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    PEG (Polyethylene Glycol)

    Polyethylene Glycol

    PEG (Polyethylene Glycol)

    What is it?

    Polyethylene Glycol aka PEGs are used as emollients in skin care (polymers) and act as penetration enhancers. 

    Key Information

    • PEGs of all sizes may penetrate through injured skin with compromised barrier function.

    More Information

    Polyethylene is a common form of plastic and when combined with Glycol becomes sticky and is used as emollients in skin care (Polymers). When a penetration enhancer is used with a toxic ingredient, it can increase the ability of the skin to absorb more of the toxic ingredient. READ YOUR LABELS carefully. PEGs with a number after means the molecular weight of that ethoxalate.

    The lower the molecular weight, the easier it is for the compound to penetrate the skin. International Journal of Toxicology by the Cosmetic Ingredient Review (CIR) committee, impurities found in various PEG compounds include ethylene oxide; 1,4-dioxane; polycyclic aromatic compounds; and heavy metals such as lead, iron, cobalt, nickel, cadmium, and arsenic. Many of these impurities are linked to cancer.  One impurity, ethylene oxide (found in PEG-4, PEG-7, PEG4-dilaurate, and PEG 100) is highly toxic—even in small doses—and was used in World War I nerve gas. 1,4-dioxane (found in PEG-6, PEG-8, PEG-32, PEG-75, PEG-150, PEG-14M, and PEG-20M), which, on top of being a known carcinogen, may also combine with atmospheric oxygen to form explosive peroxides.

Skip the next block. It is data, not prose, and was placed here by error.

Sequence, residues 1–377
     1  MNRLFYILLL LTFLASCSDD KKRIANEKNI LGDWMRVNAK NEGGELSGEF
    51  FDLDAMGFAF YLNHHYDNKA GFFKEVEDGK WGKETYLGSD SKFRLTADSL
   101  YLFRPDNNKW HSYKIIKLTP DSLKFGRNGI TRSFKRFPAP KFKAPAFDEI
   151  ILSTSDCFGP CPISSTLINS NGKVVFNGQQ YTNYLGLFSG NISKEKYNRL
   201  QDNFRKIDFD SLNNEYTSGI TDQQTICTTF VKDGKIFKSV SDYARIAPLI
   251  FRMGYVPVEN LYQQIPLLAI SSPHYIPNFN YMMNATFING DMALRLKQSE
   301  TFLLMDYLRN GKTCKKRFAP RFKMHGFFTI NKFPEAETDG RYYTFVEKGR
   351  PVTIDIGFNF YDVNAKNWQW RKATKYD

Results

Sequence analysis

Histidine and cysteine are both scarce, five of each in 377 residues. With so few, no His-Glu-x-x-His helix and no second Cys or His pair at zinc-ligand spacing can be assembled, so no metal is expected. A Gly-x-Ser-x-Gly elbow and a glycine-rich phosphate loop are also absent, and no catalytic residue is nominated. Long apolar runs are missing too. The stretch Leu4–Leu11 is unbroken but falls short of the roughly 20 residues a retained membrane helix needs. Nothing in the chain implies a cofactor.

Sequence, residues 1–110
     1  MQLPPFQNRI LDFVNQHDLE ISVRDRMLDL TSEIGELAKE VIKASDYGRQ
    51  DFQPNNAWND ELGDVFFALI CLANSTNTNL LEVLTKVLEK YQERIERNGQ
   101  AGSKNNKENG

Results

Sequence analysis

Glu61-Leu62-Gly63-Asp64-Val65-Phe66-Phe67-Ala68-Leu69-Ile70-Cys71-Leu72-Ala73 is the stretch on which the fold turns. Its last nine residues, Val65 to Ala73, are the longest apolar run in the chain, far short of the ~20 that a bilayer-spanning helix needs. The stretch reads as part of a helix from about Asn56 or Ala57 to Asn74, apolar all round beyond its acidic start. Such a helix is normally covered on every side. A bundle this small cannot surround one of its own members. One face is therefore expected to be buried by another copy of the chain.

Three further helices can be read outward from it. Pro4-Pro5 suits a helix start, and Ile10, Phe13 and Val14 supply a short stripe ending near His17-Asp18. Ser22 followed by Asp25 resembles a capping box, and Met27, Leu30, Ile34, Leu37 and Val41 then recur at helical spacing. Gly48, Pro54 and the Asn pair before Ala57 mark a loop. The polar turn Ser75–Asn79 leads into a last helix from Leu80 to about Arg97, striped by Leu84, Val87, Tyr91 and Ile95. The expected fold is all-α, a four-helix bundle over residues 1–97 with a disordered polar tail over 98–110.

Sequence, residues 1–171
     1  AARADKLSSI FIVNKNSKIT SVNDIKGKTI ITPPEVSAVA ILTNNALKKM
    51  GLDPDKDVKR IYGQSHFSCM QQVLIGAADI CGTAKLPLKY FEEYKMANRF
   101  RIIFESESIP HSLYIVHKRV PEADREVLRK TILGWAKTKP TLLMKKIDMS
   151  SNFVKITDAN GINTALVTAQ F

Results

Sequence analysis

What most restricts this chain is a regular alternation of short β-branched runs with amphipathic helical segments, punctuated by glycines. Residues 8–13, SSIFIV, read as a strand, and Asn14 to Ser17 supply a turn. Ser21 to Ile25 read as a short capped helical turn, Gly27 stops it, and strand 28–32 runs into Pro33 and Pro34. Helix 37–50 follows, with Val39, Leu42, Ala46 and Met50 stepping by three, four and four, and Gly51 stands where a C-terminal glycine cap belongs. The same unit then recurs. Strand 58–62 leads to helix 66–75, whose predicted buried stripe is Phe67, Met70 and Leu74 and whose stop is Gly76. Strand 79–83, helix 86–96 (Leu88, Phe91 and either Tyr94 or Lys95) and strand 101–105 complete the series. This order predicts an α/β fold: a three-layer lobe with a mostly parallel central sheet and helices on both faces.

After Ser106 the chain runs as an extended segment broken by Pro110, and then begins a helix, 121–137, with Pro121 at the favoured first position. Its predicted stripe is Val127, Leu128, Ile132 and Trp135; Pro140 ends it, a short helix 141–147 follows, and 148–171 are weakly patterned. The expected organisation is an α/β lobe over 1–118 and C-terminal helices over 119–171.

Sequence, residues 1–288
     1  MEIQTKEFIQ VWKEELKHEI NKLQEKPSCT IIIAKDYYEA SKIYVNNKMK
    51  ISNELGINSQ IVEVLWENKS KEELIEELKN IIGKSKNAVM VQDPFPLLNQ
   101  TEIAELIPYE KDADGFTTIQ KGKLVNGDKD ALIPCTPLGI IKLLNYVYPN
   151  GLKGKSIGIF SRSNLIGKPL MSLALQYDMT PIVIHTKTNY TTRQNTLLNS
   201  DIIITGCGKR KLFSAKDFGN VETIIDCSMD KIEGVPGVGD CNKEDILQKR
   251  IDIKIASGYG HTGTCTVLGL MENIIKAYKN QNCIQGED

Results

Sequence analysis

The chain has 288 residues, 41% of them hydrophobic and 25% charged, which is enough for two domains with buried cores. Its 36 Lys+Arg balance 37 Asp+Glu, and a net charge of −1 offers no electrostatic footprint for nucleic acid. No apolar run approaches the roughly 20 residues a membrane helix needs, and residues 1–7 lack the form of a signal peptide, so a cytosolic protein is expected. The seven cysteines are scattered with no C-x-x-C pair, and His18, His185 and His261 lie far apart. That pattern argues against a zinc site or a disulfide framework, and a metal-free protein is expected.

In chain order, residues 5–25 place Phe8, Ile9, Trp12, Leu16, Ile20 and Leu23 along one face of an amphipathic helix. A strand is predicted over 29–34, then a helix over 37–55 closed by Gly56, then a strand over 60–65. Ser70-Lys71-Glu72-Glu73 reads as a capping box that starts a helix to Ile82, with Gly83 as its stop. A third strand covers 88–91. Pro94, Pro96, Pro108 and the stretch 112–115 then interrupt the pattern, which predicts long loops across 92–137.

See Ethoxylates (


    See Nitrosating Agents (

    This ingredient is commonly used in: